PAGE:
During a speech outlining her vision for the relationship with China, New Zealand Foreign Minister Nanaia Mahuta made the striking assertion that her country would resist efforts by its allies, including Australia, to expand the role of Five Eyes in responding to China.
The remarks contrast starkly with Australia’s decision this week to scrap Victoria’s Belt and Road deal with Beijing and the declaration by the British Parliament that China is carrying out a genocide against its Uyghur population.
Indeed, Mahuta’s decision is the latest in a steady drifting of New Zealand away from the hardening posture towards China adopted by other Western states, particularly its partner nations in the Five Eyes intelligence alliance, America, Australia, Britain, and Canada. They have drafted joint Five Eyes statements decrying China’s human rights abuses and the subjugation of Hong Kong.
It is indicative of China’s leverage over New Zealand that Mahuta’s decision also follows the recent upgrading of New Zealand’s China Free Trade Agreement. It is a lucrative deal for a vulnerable New Zealand economy recovering from pandemic recession.
Ultimately, the splintering of New Zealand from Five Eyes on the question of how to address China is a sad, if predictable, consequence of Beijing’s enduring strategy to coerce and undermine the vital partnerships between liberal democratic states. Yet for Australia, it is also a warning that the bilateral relationship requires an urgent reset if New Zealand, and other Pacific states, are to be pulled back from China’s orbit.
While its activities are typically kept out of sight, the Five Eyes grouping is the world’s most powerful intelligence partnership, and it has a transformative impact on the international distribution of power. The Five Eyes is not merely a partnership for the sharing of state secrets; it is a network of national security experts collectively testing and challenging each other’s assessments about the biggest challenges facing our world, from nuclear weapons to organised crime.
It is appropriate we debate this in the wake of Anzac Day because Five Eyes is a key pillar to the security of the liberal order that countries such as Australia and New Zealand fought to establish during World War I and World War II. For this reason it is a top target for China, which also seeks to stifle new groupings such as the Quad – the security dialogue between the US, Australia, Japan and India – and President Joe Biden’s Summit of Democracy.
After all, China is a lonely power, with few if any real friends in the world, so it cannot match the Five Eyes grouping in its capacity to co-operate on intelligence, technology and diplomacy. As the smaller of the Five Eyes members, New Zealand was always the natural target for China’s coercive efforts to divide and degrade the Five Eyes partnership.
To this end, China’s freezing out of Australian ministers and its arbitrary disruption of Australian trade has doubtless been nervously watched in Wellington and New Zealand has calibrated how it approaches its own relationship with China.
Of the Five Eyes members, New Zealand has been the slowest to adjust to China’s aggressive international strategy. This can be attributed in part to New Zealand’s traditional disposition of eschewing confrontation in favour of constructive diplomacy. However, the sheer scale of New Zealand’s economic dependence on China has also generated a wilful blindness to China’s increasingly bellicose behaviour in the vain hope that it can chart a middle path with China where others, such as Australia, have failed: one where New Zealand is able to sustain a high degree of access to Chinese markets without having to compromise its principles or its sovereignty.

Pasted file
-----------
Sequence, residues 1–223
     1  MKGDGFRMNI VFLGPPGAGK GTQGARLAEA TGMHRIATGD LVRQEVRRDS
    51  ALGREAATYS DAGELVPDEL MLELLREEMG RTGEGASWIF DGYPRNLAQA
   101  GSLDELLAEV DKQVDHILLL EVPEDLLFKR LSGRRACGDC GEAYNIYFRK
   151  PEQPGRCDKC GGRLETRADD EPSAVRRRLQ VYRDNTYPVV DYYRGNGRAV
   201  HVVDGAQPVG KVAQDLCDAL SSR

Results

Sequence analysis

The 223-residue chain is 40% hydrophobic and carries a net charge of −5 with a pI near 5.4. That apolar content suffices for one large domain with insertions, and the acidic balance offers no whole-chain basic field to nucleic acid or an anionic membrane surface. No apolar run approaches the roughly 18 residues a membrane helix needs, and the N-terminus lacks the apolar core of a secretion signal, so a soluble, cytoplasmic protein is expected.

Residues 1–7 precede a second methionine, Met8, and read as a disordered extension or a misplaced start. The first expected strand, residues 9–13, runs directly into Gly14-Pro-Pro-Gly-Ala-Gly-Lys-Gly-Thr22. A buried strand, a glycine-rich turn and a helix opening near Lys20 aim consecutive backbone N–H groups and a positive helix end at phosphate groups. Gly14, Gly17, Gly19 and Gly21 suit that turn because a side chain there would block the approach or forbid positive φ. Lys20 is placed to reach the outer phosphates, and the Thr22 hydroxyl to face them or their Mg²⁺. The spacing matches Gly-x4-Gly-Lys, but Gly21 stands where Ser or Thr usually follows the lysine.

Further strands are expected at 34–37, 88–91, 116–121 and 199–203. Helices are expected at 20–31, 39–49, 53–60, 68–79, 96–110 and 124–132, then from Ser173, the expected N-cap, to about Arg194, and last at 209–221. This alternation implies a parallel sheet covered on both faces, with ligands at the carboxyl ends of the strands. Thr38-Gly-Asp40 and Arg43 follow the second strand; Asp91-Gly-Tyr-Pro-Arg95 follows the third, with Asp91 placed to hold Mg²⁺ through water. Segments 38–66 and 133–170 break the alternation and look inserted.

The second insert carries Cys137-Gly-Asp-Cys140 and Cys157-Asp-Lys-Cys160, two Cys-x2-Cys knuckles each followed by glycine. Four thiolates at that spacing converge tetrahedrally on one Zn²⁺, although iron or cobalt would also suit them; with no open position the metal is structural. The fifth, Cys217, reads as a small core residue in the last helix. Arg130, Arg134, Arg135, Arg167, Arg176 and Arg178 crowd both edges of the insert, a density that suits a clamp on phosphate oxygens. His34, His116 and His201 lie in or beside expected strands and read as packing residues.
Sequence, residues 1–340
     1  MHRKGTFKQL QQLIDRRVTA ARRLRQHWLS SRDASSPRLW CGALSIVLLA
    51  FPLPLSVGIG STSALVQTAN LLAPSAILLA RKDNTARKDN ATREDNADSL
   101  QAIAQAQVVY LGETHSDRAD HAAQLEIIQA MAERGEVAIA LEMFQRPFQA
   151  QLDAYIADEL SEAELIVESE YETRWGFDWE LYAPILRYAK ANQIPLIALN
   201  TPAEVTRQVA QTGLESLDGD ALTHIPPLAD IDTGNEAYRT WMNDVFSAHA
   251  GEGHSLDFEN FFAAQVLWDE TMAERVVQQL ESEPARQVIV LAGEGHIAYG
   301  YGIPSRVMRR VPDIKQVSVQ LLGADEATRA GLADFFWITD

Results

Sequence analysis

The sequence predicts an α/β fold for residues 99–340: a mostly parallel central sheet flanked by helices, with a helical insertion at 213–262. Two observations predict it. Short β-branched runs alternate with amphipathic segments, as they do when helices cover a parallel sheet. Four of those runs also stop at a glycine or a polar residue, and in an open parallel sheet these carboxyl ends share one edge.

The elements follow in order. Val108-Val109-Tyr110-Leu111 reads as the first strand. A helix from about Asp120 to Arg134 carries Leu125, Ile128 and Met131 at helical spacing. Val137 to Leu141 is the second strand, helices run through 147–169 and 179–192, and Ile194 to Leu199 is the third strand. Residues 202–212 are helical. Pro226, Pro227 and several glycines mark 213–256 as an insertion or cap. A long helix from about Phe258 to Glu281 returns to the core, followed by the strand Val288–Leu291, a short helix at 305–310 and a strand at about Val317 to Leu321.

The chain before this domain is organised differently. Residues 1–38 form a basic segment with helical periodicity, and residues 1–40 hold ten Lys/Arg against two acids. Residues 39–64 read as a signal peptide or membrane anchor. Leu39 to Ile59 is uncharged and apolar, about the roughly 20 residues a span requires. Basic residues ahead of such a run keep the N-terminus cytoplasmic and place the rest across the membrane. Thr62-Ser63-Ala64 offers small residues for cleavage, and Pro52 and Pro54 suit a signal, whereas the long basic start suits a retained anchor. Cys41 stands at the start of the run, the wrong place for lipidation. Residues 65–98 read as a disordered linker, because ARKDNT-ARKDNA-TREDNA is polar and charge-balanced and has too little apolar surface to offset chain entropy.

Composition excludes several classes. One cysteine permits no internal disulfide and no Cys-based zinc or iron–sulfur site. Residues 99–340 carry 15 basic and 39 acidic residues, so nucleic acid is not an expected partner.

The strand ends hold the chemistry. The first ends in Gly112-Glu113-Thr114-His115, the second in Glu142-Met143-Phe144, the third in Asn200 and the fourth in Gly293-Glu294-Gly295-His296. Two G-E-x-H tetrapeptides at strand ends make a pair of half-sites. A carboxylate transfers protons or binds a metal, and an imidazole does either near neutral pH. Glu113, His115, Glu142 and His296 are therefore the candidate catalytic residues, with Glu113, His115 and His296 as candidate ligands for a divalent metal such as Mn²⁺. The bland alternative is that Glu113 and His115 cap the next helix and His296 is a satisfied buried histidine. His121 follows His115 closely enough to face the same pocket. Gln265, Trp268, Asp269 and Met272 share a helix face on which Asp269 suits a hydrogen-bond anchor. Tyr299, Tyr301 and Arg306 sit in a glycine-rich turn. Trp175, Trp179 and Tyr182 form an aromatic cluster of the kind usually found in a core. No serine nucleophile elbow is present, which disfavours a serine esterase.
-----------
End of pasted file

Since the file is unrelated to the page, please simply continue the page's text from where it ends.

Jacinda Ardern is the latest in a succession of New Zealand prime ministers who have sought to distinguish her country as a principled, honest broker on the world stage, with a reputation as a friendly country committed to constructive, peaceful diplomacy. Yet minister Mahuta’s objection to expanding Five Eyes, and her vacillation on joining other democratic blocs, makes a mockery of New Zealand’s tradition of principled activism by showing a willingness to bargain with its international reputation and the security of the Pacific in order to obtain short-term economic benefits.
After all, the most vital activism for New Zealand to undertake today is to ensure that international rules are not determined by authoritarian bullies like China but that they are based on international law, respect for human rights and free and open markets.
Sadly the Australia-New Zealand relationship has grown distant and churlish in recent years as leaders on both sides have sparred over the deportation of New Zealand citizens, climate change, refugees and brinkmanship over pandemic border closures. In light of this distance perhaps we shouldn’t be surprised that Australian diplomats were reportedly blind-sided last week by Mahuta’s announcement, but we should be disappointed.
Australia urgently needs to move to reset the relationship with a concerted diplomatic campaign to help New Zealand diversify its markets away from China and strengthen its resilience to foreign interference.
Furthermore, while New Zealand is backing away from Five Eyes, Australia should make it a top priority to encourage New Zealand to join the Quad. As a small nation New Zealand has been more vulnerable and susceptible than most to China’s Faustian bargains. With help from its friends it can be empowered to protect its sovereignty.
This is urgent, because if Australia can’t protect New Zealand from China’s coercion we have little hope of protecting the smaller Pacific states.
This article was first published in the Sydney Morning Herald – see HERE.